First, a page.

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"Science" versus "Literary" Mind

ems8140's picture

In the discussion with Professor Dalke on Thursday, we discussed whether or not evolution and social Darwinism should be taught in the same class in high school. We also talked about how a student may be a “science person”, “history person”, “literary person”, etc. Coming into this class as a “science person”, I initially thought that these two topics should absolutely be taught in different classes. Evolution is more objective, whereas social Darwinism and other topics are more subjective and could be allowed for interpretation. However, as our discussion progressed, my mind was changed and I think these two subjects would work well in a class for high school students. It would be great to have these two topics presented in the same course because it could help “blur the line” between the two subjects and help spark the interest of those students who aren’t as interested in science.

A different perspective on evolution and natural selection would be provided and could help expand on the students’ learning. For example, while it is important to teach the main facts about evolution, discussing the opportunity for change and development, even outside the realm of plants and animals could be beneficial. Teaching students that while the world is ever evolving and advancing, they have the same opportunities for themselves to do so as well. Professor Dalke also discussed the psychological term of the “stereoscopic eye”, in which the right eye and the left eye is needed to allow for depth perception. Perhaps, a science mind and a literary mind are both needed to allow for a deeper understanding of evolution.

 

Comments

cwalker's picture

Truths

It seems like this is a common topic. I am social science person and my social science/humanities friends and I tend to state how our minds just do not work in a science way, while my science friends have equally as hard of a time with social science/humanities. In my opinion a science mindset tends to find one truth, and findings are solid facts; whereas in social science/humanities there are multiple truths, and what might be true in one situation might not be in another. Science is a step by step in a linear evolutionary process and social science/humanities just seems to flow from one thing to another and it just swims around making shapes and connecting as it pleases.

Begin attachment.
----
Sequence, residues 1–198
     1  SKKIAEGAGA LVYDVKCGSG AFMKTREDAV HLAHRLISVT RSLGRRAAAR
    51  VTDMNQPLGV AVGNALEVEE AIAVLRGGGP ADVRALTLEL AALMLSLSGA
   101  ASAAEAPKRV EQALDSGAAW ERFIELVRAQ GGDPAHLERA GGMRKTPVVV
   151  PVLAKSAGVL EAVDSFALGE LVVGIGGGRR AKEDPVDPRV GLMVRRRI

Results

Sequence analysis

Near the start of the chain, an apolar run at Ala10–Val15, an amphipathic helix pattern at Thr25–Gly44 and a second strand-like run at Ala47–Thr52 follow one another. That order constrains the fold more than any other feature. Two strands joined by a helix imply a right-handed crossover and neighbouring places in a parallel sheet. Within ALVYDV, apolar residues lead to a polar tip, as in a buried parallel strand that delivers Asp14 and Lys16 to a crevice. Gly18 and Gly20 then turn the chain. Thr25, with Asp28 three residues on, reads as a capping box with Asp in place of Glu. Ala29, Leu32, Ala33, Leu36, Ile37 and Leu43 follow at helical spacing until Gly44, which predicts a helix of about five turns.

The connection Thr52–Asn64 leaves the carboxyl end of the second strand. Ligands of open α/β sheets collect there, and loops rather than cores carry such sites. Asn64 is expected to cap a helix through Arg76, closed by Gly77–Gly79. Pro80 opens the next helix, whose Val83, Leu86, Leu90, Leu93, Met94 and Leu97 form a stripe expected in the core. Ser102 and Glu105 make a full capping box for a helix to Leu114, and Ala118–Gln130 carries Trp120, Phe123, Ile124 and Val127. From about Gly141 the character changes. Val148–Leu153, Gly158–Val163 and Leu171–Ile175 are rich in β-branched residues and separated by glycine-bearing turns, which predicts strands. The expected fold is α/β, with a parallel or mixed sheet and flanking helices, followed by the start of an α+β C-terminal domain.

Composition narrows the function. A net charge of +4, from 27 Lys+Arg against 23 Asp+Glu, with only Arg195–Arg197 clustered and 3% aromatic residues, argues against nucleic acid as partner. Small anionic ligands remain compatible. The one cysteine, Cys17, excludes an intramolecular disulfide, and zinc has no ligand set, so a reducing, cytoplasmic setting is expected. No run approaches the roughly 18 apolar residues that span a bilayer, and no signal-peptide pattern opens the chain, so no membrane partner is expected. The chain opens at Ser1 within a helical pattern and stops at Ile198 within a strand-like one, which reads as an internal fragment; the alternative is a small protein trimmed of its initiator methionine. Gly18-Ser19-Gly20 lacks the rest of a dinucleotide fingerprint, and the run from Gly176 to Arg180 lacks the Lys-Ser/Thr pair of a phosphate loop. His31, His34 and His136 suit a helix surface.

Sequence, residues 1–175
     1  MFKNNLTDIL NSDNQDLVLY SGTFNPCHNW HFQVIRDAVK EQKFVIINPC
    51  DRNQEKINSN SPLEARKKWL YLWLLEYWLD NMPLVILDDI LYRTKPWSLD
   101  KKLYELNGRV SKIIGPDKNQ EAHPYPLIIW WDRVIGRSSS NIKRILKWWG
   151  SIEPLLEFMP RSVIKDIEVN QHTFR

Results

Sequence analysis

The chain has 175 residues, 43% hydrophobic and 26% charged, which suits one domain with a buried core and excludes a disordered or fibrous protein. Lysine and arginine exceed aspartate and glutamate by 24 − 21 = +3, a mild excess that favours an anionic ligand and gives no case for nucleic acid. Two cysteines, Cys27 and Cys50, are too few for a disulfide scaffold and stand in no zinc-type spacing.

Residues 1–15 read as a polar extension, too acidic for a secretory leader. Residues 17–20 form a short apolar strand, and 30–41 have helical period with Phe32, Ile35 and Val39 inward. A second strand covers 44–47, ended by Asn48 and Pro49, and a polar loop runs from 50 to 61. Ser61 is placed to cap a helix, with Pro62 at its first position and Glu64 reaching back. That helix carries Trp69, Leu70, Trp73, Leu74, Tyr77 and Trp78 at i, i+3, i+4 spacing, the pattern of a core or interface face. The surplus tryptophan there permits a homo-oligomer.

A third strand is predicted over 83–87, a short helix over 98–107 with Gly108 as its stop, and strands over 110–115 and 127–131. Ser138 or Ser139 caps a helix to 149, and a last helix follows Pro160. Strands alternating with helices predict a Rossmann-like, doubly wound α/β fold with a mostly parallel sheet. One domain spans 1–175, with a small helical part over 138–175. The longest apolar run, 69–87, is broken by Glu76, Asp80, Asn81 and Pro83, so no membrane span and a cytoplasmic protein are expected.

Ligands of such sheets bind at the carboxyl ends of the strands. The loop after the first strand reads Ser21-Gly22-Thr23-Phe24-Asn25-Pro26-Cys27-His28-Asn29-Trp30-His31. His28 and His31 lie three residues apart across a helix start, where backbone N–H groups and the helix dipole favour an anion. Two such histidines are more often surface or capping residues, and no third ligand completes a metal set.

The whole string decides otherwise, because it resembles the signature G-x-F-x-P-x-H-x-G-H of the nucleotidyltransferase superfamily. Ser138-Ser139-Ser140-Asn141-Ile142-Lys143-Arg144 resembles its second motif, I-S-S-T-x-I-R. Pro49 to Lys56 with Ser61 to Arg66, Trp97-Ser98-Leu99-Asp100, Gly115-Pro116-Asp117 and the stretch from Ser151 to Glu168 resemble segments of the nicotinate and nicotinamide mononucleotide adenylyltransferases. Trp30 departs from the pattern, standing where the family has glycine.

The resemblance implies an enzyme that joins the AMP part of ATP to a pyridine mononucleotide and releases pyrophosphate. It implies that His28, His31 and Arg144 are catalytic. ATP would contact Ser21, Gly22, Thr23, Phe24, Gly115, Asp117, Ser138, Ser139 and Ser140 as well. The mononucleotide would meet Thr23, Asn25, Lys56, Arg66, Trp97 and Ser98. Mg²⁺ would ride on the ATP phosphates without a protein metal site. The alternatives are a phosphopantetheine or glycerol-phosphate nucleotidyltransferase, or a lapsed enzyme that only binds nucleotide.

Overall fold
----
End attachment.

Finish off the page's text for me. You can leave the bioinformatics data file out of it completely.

I really want to say that through this class I have been seeing this differently, but I cannot say that is true, I just feel like I have been proven right. A classmate and I always come to the same conclusion, the science people in the classroom always appear to have one solid argument while the social science/humanities people seem to be comfortable with multiple truths, and the possibility of variety. So while I want to say that the line can be blurred, I really don't think it has, maybe they really are two separate  fields that really cannot be united, I want to be open to flexibility between the two but I just don't think its feasible.

elly's picture

"Science mind and literary mind"

 I am currently enrolled in a history of women in genetics course with Greg Davis, which I believe exemplifies many of the issues mentioned in ems8140's post. Even though the "blurring of the line" between science and humanities in my course is not the exact same situation as teaching evolution and social Darwinism together, it does bring history and biology together in a very intriguing way. On Thursday, we went around the room discussing our previous experiences with science courses, in the sense of biology, chemistry and physics being the typical high school science courses, and how that effected what we decided to major in/study in college. I personally discussed how my science courses were too structured around testing and memorization, without much time for critical thinking, writing and any sort of artistic projects. I believe that if I had been able to take a course that was more about the history of a science, or involved more literary and artistic work, then I may not have been turned off from the hard sciences as quickly as I was. As mentioned above, if I had been exposed to the sciences in tandem with more humanities style thinking, If I could have seen the facts of science from a different perspective and then if something stood out to me, then I perhaps I would have gone on to study that subject. In terms of my understanding of evolution, especially in my history of biology class, I definitely agree with the statement above, "Perhaps, a science mind and a literary mind are both needed to allow for a deeper understanding of evolution."

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